CLASSLESS ACT – An Unlikely Story
There was a time in the Los Angeles music scene when the formula was simple. First, you would find three or four other guys who could play. You would most likely start by playing some covers, perhaps in local bars or backyard parties. If you became good enough to garner a bit of a following, you would seek gigs at the Hollywood clubs. You would plaster your flyers on every telephone pole, blank wall or utility box in sight. On show night you would use more Aqua Net than a 1960’s diner waitress with a beehive. If things went well, your following grew and you might catch the attention of an A&R man from one of the major labels. If they came to see you play and were impressed, you would be signed to the label. From there, it was off to limos, video shoots, mega-tours, groupies, excessive partying and the inevitable implosion of your band. It’s a likely story, repeated countless times, want proof, just watch any episode of Behind The Music.
For numerous reasons, we can all be thankful it is not the 1980’s any longer. Although the story of Los Angeles-based Classless Act is still in the first few chapters, their story is anything but likely. If you started in chapter one, you’d find that how this particular convergence of musicians formed. Classless Act has been around for several years. There had been several members who have come and gone. Even London Hudson, son of the legendary Slash from Guns N’ Roses played drums in the band for a time. However as vocalist Derek Day explains, the way the current lineup formed was, “It was a modern-day newspaper ad. It was all through social media, Dane (Pieper) hit me up through Facebook.” Bassist Franco Gravante had reached out to the band through Instagram. Day continues, “Franco was in the band before me. We found Chuck (McKissock, the band’s drummer) at a punk show.”
Being the longest tenured member, rhythm guitarist Dane Pieper offers his views on the way the band came together, “The way I see the formation of the band, is almost like the process of how music has been evolving, how things have gone from recording with analog to using Pro Tools. Then there’s streaming and how that has changed the platform. Our band came together in a very 21st-century way.” With Gravante coming from Argentina, and lead guitarist Griffin Tucker coming from Texas, these guys are truly a global conglomeration. So all of you hopeful rock stars, if you can’t find the people with whom you want to play, perhaps cast a bit of a broader net. Pieper summarizes their formation, “As far as the band formation went, it was pretty much just accumulating members and having the lineup evolve over time. We just kept getting better and better and we evolved into the point where we are right now.”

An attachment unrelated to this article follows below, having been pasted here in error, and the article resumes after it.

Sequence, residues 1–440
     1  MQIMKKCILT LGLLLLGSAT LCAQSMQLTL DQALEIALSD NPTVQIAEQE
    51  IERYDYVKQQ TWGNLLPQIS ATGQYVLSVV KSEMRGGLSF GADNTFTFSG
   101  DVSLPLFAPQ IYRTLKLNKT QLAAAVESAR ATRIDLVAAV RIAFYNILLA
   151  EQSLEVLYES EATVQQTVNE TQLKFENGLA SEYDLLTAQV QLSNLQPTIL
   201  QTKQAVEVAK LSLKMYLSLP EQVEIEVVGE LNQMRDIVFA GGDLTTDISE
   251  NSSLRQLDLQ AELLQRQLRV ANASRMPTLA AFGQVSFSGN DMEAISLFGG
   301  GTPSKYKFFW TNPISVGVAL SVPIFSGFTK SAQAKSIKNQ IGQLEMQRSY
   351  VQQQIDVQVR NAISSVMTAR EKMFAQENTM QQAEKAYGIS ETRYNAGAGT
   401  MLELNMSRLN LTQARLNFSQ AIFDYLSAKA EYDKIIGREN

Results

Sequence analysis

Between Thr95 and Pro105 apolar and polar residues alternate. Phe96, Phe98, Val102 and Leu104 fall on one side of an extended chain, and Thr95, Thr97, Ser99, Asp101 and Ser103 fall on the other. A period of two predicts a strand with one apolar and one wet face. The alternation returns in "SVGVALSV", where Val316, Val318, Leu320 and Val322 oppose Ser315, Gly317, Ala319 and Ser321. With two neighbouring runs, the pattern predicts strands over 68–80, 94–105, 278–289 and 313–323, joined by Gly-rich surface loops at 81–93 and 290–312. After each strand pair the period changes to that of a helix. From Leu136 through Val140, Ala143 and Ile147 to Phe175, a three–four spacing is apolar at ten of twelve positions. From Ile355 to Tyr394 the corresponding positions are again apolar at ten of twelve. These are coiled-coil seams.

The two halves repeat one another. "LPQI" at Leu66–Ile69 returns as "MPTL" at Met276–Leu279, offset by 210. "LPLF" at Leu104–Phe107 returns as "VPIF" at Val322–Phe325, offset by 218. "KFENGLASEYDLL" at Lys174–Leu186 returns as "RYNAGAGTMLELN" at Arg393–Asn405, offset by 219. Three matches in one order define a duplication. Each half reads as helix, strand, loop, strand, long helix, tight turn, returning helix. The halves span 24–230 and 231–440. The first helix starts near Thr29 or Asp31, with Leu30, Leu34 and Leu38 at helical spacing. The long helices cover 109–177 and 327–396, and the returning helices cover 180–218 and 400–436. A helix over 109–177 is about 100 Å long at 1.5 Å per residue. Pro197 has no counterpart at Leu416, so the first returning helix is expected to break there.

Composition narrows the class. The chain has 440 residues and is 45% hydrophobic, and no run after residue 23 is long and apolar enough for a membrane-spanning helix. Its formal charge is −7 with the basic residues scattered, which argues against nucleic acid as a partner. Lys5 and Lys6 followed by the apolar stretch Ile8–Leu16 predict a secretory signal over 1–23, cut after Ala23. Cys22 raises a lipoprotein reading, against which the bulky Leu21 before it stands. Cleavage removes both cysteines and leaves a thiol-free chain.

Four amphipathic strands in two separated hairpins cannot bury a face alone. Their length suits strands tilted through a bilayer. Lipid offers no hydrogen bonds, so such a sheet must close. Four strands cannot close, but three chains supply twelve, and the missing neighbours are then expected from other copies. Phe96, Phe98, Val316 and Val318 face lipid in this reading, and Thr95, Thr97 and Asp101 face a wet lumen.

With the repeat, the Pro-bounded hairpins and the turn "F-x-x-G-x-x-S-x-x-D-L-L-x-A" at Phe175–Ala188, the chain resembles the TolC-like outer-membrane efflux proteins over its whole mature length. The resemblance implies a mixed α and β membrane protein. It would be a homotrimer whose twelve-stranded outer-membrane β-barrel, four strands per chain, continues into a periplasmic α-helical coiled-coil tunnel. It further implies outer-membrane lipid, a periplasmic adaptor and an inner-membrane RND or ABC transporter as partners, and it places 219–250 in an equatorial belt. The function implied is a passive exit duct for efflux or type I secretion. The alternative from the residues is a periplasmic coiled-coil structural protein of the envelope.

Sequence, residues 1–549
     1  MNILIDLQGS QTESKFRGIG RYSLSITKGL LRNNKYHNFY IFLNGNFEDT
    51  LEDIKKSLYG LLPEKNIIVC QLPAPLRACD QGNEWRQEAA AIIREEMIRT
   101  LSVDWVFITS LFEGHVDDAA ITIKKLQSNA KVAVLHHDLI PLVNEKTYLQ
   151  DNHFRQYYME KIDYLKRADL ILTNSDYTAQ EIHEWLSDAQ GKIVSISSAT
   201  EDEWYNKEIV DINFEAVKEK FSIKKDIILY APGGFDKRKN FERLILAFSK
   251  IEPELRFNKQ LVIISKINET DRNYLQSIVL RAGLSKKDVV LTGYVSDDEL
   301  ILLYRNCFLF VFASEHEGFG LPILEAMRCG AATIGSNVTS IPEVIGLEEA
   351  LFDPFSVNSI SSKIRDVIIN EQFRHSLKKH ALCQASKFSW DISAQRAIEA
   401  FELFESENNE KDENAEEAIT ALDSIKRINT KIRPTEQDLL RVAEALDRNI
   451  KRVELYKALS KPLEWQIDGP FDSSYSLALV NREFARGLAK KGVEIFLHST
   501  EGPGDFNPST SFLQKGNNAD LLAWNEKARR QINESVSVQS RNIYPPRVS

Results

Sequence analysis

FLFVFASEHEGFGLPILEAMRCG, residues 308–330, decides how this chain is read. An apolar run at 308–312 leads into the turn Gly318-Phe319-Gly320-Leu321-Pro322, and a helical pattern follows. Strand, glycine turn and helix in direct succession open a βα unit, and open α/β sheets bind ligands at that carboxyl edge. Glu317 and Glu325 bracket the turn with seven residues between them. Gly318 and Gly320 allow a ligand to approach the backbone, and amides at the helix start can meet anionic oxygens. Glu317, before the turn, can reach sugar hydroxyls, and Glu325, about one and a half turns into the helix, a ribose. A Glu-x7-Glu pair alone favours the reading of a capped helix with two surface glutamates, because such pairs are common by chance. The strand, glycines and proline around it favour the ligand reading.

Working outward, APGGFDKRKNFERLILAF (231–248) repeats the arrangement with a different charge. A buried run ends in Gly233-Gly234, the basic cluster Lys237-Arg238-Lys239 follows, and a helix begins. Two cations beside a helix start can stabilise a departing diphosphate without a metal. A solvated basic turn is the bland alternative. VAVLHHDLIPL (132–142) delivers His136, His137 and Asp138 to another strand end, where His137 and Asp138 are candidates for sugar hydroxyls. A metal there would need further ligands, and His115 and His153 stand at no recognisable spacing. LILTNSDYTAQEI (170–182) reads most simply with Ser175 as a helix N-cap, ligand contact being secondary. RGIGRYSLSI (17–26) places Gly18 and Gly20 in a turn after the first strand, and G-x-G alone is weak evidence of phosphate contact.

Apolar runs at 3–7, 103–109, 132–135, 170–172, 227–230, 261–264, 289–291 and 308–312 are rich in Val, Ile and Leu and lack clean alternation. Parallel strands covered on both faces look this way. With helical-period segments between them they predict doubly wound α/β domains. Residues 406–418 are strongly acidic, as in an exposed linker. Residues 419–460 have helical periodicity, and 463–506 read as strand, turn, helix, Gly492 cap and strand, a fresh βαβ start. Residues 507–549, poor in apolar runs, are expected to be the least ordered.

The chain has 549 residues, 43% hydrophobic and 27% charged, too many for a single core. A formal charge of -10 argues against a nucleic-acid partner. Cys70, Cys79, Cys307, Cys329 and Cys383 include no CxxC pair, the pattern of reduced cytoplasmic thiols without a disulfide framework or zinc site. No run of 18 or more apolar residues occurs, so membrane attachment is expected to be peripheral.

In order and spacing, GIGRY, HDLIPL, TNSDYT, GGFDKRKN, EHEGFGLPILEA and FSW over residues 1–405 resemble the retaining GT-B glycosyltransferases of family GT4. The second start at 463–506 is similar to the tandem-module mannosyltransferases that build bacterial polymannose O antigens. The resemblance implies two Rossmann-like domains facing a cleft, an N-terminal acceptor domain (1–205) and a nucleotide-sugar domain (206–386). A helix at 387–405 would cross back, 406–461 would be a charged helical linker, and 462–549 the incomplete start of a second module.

In the digital age, there are so many ways for someone, talented or not, to get their art out into the ether and in front of people all over the world. I think most people would agree that there are some “artists” who should not have the world wide platform. But for the ones who truly have talent, it can be a way to not only entertain and inspire yourself, but according to Day, can lead to opportunities, “I was following Dane for about a year and a half before I ever met him. A friend of mine told me to follow him, and that maybe I could be in a band with him. I was like, ‘No Way, he’s too good’.” With four members securely in the fold, there was one missing ingredient, a lead guitarist. Day adds, “We hit up Griffin (Tucker, lead guitarist) through TikTok, so it was through this crazy sort of social media friendship, admiration thing.”
They knew they would like to have Tucker in the band, but as Day remembers, “Please, he lives in Dallas and we were in L.A., so that’d be sick if he were in our band, but we didn’t think he’d be up for it. But lo and behold, here we are hanging out and doing a tour together.” You might think that getting Tucker to uproot himself from Texas to join a group in Southern California was quite a task. Day jokes, “There were a lot of roofies!” One gets the sense talking with both Pieper and Day, they like to joke and have fun, but back to the subject at hand, “The way we all were approached, was just, ‘Hey, you want to give it a shot?’ You don’t have to do anything you don’t want to do.” They asked him, “You want to fly out and just see what it feels like? He’s an adventurous dude, and he was like, ‘Yeah, sure,’ he likes to travel so he came out and we became friends. He kept flying out and eventually, he got a place out here in L.A.”